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I've just done my first print on an Ultimaker 3 Extended and I'm slightly disappointed with the results, so I'm trying to understand how I can do better next time.

My first print

Preparing for printing I naively just dropped the two stl files into Cura, set the recommended layer height and infill, selected support (defaulting to Extruder 1), deselected adhesion, ran the slice, saved the g-code and started the print running. Luckily the head 1 did have the same PLA AA 0.4 filament that Cura assumed.

When the print finished, I stripped out the support structures, cleaning out the hollow, and cleaning off lots of stringy loose filaments between the lower support and the bottom edge of the print.

Even after cleaning up though, the overhanging structure above the support structure turned out to be very rough with many individual filaments visible and in irregular positions, rather than the nice concentric lines in the slice.

My first attempt to optimise the print

Looking at the completed print I realised that there would have been only a fraction of the support structure, and probably clean edges, if the part had been oriented as a d rather than as a p (the rough surface being the bottom of the p overhang).

I re-ran the slice in d orientation and that saved 10 minutes of print time, and a 100 mm of filament, so I know I'll definitely need to look out for that in the future. I can also see how that would fix the problem with the external overhang separating out into loose threads, since that face would no longer be an overhang.

Trying to add water soluble supports

After the first fix, I wondered what I could do with the second extruder and realised that it was filled with water soluble PVA filament. This made me wonder if this would have helped with the internal overhang.

I Configured Extruder 2 as PVA BB 0.4 and selected Extruder 2 for the support structures and re-ran the slice.

I was surprised that the it was now taking 40 minutes longer and using almost 470 mm more filament!

Looking at the slices, Cura had created a huge PVA scaffolding on the outside of the print, leaving the inside, where the previous PLA support had been, completely empty:

Print with PVA supportvs.Print with PLA support

This was not what I was expecting.

Questions

  • Why didn't the slicing algorithm place PVA support structures inside the overhang, in the same way as it placed the PLA support structures?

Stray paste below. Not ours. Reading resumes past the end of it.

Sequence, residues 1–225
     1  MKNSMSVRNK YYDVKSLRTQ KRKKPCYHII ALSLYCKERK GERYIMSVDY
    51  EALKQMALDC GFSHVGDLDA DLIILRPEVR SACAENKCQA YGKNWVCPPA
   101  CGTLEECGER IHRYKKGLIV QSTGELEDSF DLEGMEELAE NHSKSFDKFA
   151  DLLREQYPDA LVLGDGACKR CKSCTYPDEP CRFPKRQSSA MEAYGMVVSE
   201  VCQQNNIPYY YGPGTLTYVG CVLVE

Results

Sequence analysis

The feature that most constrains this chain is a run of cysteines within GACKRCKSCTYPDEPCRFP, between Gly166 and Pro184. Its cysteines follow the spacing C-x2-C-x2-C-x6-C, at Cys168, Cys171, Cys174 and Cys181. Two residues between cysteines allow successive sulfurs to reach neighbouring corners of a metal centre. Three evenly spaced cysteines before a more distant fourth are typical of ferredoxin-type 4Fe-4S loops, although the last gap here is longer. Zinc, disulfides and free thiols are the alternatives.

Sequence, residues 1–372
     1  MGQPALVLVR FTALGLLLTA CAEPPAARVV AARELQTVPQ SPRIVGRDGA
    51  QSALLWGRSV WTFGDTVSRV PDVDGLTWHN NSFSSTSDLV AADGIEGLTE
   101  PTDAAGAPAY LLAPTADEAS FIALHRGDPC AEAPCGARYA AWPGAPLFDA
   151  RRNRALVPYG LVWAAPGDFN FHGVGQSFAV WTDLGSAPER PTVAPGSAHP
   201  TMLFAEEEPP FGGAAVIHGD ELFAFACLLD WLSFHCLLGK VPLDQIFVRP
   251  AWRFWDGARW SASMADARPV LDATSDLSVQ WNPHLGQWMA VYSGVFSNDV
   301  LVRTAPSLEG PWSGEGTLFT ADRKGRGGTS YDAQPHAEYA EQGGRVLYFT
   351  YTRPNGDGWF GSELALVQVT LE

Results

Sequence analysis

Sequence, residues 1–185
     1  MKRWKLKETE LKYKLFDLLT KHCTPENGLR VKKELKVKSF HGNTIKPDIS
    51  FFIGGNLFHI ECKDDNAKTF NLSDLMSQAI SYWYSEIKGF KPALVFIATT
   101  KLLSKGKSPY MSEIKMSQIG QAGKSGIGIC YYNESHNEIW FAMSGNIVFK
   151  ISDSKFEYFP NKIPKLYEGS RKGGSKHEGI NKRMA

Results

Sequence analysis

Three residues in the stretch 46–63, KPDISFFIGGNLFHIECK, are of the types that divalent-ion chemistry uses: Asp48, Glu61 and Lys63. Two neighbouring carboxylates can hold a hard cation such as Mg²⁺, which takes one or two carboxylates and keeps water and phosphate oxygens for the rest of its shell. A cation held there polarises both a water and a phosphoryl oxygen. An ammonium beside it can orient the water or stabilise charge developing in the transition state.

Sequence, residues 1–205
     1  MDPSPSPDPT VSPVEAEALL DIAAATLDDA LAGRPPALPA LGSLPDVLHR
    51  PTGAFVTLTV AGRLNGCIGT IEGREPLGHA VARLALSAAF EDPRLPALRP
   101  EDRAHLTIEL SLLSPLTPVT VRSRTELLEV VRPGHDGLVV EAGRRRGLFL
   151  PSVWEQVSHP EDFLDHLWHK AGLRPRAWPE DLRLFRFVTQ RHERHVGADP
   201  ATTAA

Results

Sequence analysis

• What is the reason for the external scaffolding, and how does it help support the internal overhang, which now has no internal support at all?

  • Is the behaviour I expected possible, advisable or configurable in Cura? If so, what options should I be looking at, if not is there other software that does support this?

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Owning the Ultimaker 3 Extended and having printed kilometers of filament on this printer I can tell you that printing with PVA, apart from the slicing problems you mention, is not easy as it looks. PVA clogs up very fast and is very hygroscopic. Moist PVA will make popping sounds on extrusion and is prone to failing. PVA is not my preferred solution. An alternative solution is to use break-away filament, my colleagues have some reasonable good experience with that.

Why didn't the slicing algorithm place PVA support structures inside the overhang, in the same way as it placed the PLA support structures?

The difference you report could be caused by the slicer settings. I get exactly the same results if you set the slicing parameter Support Placement to Touching Buildplate (first image), or Everywhere (second image).

<code>Support Placement</code> option <code>Touching Buildplate</code>vs.<code>Support Placement</code> option <code>Everywhere</code>

What is the reason for the external scaffolding, and how does it help support the internal overhang, which now has no internal support at all?